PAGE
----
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In search of better methods

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October 2000
William Check, PhD

Even as physicians seek the place of HPV testing in the detection of cervical neoplasia, newer potential adjuncts to Pap cytology are emerging.

"I think there is going to be a better answer than HPV testing along the lines of a novel cellular marker," predicts Dr. Elizabeth Unger, acting chief of the Human Papillomavirus Section, Centers for Disease Control and Prevention. Only a small fraction of HPV infections transform into oncogenic processes. A downstream cellular marker might specifically identify infections that are most likely to proceed to neoplasia. Using gene expression arrays, Dr. Unger is searching for cellular changes in a population with well-characterized HPV types and variants.

A group in Germany, she says, has found that a tumor suppressor gene, p16INK4a, is upregulated in some cervical lesions. The German group further discovered that p16INK4a disinhibition is actually a surrogate for activity of E7, an HPV protein known to be crucial to transformation. "The advantage of measuring a cellular gene such as p16INK4a," Dr. Unger says, "is that the same effect will be seen for all HPV types." Protein E7 differs among HPV types. There is evidence that immunostaining for p16INK4a helps identify CIN3 lesions on Pap cytology slides.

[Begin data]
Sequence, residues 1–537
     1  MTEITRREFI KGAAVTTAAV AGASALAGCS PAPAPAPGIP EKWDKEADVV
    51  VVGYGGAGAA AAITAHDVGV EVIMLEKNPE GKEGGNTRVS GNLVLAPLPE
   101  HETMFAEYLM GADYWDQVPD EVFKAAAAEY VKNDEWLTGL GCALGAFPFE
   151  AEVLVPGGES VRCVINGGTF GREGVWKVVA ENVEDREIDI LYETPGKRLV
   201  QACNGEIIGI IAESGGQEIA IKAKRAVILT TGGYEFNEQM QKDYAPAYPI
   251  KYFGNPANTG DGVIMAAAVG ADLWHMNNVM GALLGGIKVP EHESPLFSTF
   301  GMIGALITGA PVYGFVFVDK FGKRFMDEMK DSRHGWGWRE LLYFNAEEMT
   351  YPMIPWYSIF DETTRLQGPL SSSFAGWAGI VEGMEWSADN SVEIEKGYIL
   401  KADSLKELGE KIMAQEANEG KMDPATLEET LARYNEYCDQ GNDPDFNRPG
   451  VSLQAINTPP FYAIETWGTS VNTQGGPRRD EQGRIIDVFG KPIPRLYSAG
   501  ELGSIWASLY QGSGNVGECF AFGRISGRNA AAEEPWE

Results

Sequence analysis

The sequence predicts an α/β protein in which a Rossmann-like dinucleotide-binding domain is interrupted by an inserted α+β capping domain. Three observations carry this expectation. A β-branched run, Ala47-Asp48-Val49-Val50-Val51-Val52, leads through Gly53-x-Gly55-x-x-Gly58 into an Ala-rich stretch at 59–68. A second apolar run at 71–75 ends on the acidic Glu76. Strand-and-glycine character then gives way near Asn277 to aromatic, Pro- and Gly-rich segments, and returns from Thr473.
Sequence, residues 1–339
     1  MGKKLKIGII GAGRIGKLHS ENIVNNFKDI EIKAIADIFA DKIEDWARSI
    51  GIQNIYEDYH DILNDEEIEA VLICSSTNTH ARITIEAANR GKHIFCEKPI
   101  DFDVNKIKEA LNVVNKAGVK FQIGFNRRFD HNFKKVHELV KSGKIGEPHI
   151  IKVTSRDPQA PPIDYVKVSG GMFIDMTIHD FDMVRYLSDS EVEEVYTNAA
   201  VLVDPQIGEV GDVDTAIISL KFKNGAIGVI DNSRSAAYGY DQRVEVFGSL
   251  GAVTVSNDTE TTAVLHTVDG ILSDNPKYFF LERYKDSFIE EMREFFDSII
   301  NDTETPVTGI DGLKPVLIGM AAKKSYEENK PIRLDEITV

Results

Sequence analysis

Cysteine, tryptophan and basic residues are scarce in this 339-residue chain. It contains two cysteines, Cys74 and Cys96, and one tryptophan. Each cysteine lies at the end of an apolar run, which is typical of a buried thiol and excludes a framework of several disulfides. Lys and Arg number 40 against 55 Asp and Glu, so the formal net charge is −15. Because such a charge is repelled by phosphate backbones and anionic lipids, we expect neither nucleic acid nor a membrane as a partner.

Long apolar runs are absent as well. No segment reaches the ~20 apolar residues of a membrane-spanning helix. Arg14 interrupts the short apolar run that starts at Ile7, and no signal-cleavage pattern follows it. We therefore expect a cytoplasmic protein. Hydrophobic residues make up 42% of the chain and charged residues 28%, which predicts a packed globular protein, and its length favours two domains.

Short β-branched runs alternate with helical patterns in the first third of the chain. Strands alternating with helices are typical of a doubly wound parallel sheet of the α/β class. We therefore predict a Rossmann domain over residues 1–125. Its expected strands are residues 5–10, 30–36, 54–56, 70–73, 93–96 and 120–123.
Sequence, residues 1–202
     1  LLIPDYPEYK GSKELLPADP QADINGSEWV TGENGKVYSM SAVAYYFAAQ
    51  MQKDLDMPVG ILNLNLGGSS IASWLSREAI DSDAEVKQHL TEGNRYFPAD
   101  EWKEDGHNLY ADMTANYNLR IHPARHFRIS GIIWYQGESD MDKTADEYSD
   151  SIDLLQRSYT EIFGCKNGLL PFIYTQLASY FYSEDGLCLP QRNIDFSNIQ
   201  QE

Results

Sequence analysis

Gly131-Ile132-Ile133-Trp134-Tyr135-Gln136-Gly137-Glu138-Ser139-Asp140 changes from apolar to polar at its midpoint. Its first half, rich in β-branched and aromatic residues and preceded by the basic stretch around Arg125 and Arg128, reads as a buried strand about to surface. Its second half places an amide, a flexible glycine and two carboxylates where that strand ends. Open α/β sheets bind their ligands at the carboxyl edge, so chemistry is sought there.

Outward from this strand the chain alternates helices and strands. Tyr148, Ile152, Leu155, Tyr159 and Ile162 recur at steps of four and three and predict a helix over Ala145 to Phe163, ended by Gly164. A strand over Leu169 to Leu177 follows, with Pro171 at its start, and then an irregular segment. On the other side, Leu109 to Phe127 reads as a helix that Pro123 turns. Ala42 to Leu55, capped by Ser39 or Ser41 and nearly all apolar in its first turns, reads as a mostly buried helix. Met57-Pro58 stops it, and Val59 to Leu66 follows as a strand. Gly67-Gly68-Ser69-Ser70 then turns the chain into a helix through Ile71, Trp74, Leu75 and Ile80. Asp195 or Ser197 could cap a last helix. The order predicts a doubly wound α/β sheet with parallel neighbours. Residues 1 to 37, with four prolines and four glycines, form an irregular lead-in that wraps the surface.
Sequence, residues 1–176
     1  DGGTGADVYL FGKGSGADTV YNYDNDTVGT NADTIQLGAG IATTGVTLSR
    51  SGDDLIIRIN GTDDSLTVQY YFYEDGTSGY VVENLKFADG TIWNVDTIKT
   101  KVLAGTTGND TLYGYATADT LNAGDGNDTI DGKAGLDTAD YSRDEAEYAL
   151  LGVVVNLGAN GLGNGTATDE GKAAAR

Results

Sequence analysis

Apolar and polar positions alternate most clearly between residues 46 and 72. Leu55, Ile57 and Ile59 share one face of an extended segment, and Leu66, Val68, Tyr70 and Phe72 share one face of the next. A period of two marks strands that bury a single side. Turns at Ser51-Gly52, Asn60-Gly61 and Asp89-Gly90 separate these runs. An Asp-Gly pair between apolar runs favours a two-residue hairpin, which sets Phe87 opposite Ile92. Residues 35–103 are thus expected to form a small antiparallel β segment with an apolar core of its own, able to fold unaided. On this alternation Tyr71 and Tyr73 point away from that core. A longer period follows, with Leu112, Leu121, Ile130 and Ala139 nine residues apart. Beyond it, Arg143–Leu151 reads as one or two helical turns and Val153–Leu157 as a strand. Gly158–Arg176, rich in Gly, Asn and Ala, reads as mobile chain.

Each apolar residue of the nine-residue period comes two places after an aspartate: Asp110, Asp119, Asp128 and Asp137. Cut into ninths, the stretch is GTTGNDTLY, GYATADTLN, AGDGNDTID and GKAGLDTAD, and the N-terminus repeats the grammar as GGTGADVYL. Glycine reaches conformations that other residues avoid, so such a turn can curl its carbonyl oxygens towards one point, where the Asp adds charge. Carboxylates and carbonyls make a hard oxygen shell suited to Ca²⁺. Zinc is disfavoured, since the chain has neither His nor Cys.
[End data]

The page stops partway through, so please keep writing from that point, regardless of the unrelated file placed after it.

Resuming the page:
Another innovation is HPV testing by polymerase chain reaction. Roger A. Hubbard, PhD, director of molecular pathology and president and CEO of Molecular Pathology Laboratory, Maryville, Tenn., notes that HPV testing was started more than 10 years ago, but early kits were incomplete. "HPV testing only came back into widespread use with the advent of Digene’s Hybrid Capture II kit," Dr. Hubbard says.

"Now we are trying to be more specific in phenotyping HPV," he adds. Hybrid Capture II segregates HPV types into high-risk and low-risk groups. "The cocktail approach is better than nothing, but I don’t think it’s going to be adequate in the long run," Dr. Hubbard says. "Different HPV types vary dramatically in their oncogenic potential. Using PCR, we are categorizing which HPV types are present in cells obtained during cervical sampling."

HPV viral load, measured by PCR, may also be an independent predictor of progress to cervical lesions and cervical cancer. "What I foresee," Dr. Hubbard says, "is a risk matrix in which HPV type and viral load are considered along with cervical cytology."

Viral load and viral type probably will not be clinically useful in the short term. "But viral load and HPV type will eventually be important in terms of individual frequency of followup and therapy," Dr. Hubbard predicts. Only a small proportion of women who have persistent infections with oncogenic HPV types develop cervical cancer. Determining the HPV type may help identify which patients will progress.

William Check, PhD